Lean is one of the street names for a concoction of prescription cough medicine, soda, and candy. The mixture is consumed in particularly large amounts, and the psychoactive effects from the prescription cough medicine is the primary motivation for using the drug. The majority of cough medicines used in lean contain codeine, an opiate drug, as a primary ingredient.
Codeine (3methylmorphine) is a controlled substance classified by the United States Drug Enforcement Administration (DEA) and can only be obtained legally with a written prescription from a physician. The information in this article regarding the metabolism and detectability of codeine comes from the journals Mayo Clinic Proceedings and the European Journal of Pharmacology as well as from the National Institutes of Health.
How the Body Processes Lean
Since lean is used orally, the substance is processed through the digestive tract, and most of the drug is eliminated via the kidneys. The half-life of codeine—the amount of time that it takes the body to reduce the amount of the drug in half due to normal metabolism—ranges from 2.5 to 4 hours for most people. This means that the drug is eliminated relatively quickly for most people.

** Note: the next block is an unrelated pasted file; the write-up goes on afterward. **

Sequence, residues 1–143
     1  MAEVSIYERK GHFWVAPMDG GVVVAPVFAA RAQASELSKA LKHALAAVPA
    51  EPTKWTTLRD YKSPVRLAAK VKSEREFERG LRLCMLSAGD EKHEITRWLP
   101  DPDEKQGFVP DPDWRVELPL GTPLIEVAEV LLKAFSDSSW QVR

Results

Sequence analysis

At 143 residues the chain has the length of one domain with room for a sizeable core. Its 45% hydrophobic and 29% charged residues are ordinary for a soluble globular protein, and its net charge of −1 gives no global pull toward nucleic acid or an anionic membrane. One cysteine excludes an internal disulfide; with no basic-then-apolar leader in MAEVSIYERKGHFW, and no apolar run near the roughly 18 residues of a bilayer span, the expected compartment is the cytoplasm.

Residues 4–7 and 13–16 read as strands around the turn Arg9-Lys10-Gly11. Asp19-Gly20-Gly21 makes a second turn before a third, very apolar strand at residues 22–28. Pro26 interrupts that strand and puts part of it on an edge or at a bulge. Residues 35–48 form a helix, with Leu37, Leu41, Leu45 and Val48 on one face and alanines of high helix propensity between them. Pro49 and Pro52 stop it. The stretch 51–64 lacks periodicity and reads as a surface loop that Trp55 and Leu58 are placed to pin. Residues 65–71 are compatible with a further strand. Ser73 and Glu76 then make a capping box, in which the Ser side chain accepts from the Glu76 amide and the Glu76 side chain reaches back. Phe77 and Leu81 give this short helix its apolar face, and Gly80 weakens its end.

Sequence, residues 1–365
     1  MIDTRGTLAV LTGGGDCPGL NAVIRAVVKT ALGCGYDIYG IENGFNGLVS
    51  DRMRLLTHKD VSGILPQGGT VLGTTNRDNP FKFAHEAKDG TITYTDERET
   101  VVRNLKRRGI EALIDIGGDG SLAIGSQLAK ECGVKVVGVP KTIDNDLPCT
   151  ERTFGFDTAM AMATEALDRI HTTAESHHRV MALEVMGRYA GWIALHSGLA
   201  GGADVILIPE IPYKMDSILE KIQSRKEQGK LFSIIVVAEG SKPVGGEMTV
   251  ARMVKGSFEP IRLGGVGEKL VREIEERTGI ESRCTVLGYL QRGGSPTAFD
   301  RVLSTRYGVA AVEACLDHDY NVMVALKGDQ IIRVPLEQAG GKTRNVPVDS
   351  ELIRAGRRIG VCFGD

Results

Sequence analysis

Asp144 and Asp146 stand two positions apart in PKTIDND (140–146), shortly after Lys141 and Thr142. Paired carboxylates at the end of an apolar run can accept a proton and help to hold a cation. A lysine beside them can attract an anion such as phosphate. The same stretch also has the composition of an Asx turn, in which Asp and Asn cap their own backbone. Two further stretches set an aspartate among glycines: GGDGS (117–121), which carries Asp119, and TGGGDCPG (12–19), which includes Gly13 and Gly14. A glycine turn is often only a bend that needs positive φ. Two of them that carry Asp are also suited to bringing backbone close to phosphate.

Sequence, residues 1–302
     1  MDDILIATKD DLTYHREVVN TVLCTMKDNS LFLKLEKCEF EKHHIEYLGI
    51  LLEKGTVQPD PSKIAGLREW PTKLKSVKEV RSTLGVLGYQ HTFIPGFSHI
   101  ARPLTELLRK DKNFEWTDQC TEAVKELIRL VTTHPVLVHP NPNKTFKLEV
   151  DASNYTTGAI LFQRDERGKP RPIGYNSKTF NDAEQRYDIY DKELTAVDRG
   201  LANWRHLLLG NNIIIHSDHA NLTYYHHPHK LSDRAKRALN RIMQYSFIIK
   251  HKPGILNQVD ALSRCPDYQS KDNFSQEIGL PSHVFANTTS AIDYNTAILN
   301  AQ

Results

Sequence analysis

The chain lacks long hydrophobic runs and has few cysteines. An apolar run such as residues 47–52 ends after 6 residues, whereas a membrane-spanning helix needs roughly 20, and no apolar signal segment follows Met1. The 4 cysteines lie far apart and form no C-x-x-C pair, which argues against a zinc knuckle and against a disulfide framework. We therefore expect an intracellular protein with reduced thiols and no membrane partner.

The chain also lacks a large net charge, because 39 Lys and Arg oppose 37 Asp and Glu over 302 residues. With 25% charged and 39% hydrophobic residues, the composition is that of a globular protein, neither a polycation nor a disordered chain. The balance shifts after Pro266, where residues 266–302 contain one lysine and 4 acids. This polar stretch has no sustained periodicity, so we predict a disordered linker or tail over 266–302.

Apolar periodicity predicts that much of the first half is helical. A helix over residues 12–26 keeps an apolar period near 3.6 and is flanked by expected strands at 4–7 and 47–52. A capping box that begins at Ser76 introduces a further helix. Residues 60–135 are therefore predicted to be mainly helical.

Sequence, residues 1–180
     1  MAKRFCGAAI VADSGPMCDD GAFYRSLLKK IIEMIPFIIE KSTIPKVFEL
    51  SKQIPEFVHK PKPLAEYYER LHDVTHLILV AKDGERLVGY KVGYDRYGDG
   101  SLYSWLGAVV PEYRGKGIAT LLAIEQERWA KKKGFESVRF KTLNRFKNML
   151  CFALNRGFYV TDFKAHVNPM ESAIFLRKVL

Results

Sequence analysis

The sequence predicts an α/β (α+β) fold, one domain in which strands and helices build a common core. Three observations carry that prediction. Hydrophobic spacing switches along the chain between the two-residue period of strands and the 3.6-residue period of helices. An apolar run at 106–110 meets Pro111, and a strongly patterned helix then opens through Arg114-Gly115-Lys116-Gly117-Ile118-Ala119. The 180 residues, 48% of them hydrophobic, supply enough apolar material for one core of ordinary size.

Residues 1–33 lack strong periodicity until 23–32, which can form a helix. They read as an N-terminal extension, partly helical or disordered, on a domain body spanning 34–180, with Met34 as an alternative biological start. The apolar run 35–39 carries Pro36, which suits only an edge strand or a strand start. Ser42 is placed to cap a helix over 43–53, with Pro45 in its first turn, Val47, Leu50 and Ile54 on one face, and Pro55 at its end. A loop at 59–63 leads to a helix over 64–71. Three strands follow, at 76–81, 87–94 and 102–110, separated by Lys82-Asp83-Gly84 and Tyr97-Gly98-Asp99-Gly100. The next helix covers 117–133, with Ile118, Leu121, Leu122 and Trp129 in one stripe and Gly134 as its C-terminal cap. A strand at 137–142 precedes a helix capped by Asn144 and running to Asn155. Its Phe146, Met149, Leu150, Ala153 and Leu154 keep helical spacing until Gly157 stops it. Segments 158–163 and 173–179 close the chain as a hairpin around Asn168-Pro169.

There are some factors that can affect elimination of the drug and the detectability of codeine in a person’s system, including:
- How much of the drug has been taken.
- The person’s gender, age, and overall health.
- Use of codeine with other drugs (e.g., alcohol, which would be metabolized before codeine).
- Individual differences in metabolism.
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The detectability of codeine in a person’s system depends on the factors listed above. It also depends on the mode of detection.
- Under most normal circumstances, codeine is detectable in a person’s urine for 1–2 days.
- Saliva tests can usually detect codeine relatively quickly after its use and for as long as 1–2 days following discontinuation.
- Codeine is typically detectable in a person’s blood for 24 hours. After this, it may not be detectable at all using a blood test.
- Testing hair follicles for codeine is probably the best method to detect past codeine use. This method may be able to detect the presence of codeine in a person’s system 90 days after use.
Again, it is important to note that the amount and frequency of use of the drug can affect the time the drug remains in a person’s system. Some people may find that they test positive for drugs like codeine beyond the limits mentioned in this article. As with any drug, there aren’t finite windows since personal factors affect variability greatly.